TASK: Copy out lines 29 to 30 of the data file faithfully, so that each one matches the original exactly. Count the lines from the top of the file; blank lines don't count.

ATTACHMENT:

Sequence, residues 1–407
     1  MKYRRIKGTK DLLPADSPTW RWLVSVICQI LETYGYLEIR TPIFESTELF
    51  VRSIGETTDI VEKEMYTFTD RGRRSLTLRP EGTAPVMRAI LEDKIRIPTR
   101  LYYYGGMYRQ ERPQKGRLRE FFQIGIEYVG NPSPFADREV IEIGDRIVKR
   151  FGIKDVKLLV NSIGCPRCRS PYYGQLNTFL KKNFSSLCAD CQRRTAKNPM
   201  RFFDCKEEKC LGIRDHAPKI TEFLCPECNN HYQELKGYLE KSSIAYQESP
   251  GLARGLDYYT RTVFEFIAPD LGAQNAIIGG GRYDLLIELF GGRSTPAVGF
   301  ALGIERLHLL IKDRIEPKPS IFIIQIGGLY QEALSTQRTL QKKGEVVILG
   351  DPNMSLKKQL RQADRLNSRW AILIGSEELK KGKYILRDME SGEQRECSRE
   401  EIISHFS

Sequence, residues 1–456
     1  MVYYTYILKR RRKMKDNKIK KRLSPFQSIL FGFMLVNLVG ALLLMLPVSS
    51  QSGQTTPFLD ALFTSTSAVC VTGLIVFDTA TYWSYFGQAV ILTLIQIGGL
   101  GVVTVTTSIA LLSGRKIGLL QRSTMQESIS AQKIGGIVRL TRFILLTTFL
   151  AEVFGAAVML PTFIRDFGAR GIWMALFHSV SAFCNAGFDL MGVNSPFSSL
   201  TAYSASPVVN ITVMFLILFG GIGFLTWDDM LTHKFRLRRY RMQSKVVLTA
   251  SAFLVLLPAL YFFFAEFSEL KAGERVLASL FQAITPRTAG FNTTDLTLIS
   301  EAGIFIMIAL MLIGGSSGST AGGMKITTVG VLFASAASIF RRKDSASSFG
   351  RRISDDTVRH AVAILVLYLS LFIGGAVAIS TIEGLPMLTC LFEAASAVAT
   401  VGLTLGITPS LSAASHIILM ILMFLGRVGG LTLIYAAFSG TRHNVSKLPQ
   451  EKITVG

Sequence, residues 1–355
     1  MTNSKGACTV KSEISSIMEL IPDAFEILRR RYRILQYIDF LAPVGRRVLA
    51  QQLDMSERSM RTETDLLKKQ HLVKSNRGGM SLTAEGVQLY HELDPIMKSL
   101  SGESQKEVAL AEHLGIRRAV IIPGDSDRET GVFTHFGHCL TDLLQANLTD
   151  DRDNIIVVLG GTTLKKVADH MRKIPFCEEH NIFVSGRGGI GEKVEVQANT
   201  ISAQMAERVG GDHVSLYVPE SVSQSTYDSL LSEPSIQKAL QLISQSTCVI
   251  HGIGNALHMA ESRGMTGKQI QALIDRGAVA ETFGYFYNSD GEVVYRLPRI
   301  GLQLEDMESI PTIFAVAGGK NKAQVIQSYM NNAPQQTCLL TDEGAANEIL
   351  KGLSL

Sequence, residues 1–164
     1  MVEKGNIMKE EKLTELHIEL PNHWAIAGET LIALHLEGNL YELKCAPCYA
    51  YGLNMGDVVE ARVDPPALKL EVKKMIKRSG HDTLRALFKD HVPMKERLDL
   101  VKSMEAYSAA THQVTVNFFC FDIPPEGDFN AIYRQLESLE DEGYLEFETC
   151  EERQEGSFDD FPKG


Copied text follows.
   301  GLQLEDMESI PTIFAVAGGK NKAQVIQSYM NNAPQQTCLL TDEGAANEIL
   351  KGLSL